“Drive” may have brought director Nicolas Winding Refn the most mainstream attention of his career, but it’s easy to forget that his first English-language breakthrough was actually 2008’s “Bronson.” It was the first film Refn made after completing his “Pusher” trilogy in 2005, and in many ways, it felt like Refn was entering a new, more stylistically bold phase of his career. This phase would be further exemplified by his subsequent work, especially with his last film “Only God Forgives.”
While the most memorable aspect of “Bronson” is easily Tom Hardy‘s powerhouse, star-making performance, a recent video essay from filmmaker/essayist Sean Pettis sheds light on just how rich this film is in both its attention to detail and symbolism. Whether it’s through the use of static shots, foreshadowing, or even vertical lines, which can be seen in the background of several shots, the essay effectively demonstrates how Refn was able to reinforce the movie’s themes from a visual standpoint.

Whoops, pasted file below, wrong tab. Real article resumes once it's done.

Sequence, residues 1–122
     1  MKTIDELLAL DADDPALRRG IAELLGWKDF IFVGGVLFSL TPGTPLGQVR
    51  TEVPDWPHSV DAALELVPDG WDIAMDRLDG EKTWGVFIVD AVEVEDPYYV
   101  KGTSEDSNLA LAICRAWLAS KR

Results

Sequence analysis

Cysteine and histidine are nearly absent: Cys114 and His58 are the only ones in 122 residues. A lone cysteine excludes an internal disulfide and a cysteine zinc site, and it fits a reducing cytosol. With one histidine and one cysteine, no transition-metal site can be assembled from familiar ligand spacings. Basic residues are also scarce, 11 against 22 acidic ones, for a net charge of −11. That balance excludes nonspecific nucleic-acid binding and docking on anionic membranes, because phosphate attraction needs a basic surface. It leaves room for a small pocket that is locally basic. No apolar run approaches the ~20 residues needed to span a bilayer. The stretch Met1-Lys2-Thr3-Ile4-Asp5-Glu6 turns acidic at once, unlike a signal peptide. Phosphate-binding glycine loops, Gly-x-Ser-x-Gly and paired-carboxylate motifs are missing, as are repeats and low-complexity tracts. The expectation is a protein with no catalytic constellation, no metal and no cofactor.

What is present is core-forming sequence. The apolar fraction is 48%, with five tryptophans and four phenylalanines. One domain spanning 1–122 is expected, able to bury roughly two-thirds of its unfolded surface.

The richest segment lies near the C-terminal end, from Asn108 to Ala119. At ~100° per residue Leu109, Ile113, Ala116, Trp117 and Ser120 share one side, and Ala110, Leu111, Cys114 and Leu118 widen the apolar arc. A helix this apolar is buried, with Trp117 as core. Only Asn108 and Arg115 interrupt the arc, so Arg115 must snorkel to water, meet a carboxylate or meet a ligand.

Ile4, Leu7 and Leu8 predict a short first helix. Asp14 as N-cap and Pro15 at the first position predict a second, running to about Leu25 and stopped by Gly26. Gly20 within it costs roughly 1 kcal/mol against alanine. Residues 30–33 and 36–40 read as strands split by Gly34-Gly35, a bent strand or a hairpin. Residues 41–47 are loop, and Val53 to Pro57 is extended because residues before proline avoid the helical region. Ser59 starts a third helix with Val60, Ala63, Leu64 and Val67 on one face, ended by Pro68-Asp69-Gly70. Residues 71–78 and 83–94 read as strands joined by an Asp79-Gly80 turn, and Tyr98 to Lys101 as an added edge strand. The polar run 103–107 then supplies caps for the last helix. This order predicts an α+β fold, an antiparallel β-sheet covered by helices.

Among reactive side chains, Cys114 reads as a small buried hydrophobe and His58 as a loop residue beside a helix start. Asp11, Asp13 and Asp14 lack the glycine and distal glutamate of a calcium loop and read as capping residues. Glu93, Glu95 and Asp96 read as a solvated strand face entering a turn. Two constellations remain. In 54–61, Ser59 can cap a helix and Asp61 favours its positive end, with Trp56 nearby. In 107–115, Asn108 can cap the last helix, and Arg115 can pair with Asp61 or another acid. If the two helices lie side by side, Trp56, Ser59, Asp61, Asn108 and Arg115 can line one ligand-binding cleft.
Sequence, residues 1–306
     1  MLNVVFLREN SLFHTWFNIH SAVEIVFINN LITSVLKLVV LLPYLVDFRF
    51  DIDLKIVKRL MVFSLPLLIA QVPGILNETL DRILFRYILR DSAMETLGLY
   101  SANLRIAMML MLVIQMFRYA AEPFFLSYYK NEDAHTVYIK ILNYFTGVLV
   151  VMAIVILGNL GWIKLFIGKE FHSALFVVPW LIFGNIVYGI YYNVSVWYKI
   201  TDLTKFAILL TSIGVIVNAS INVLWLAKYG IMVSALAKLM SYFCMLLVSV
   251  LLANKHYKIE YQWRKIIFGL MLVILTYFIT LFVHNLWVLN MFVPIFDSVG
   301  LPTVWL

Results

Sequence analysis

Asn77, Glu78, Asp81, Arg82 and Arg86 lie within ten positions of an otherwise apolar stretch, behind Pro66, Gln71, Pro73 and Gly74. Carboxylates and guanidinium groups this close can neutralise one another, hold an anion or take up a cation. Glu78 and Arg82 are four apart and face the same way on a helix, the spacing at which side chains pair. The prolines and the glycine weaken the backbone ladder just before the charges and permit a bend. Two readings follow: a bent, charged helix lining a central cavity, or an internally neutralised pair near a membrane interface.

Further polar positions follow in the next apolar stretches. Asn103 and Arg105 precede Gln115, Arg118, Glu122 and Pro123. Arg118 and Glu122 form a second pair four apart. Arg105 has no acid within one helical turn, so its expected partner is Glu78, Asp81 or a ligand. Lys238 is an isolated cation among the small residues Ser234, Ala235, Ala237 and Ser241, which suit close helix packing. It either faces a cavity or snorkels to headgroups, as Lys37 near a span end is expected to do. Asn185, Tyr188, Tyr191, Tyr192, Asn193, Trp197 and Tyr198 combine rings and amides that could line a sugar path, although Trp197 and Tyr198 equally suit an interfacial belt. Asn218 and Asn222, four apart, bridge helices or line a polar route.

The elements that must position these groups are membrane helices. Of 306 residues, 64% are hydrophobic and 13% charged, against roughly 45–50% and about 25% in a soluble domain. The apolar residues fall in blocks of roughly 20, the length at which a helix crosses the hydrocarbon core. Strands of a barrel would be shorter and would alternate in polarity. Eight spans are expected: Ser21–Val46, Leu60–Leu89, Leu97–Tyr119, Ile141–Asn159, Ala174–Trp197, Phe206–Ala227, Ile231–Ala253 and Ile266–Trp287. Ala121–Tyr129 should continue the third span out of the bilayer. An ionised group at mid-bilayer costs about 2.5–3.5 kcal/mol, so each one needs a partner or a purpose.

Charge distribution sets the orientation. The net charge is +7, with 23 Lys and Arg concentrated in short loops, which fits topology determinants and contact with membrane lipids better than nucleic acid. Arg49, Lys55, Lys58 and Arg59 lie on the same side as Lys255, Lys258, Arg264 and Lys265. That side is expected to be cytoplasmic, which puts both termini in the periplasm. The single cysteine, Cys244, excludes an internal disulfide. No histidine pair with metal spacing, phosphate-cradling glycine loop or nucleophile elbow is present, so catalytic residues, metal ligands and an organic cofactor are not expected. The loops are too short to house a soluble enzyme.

Some of the analysis may be reaching just a little bit, but it’s still important to be reminded that there really is a great amount of substance behind Refn’s highly stylized films. Check it out below. [35MM]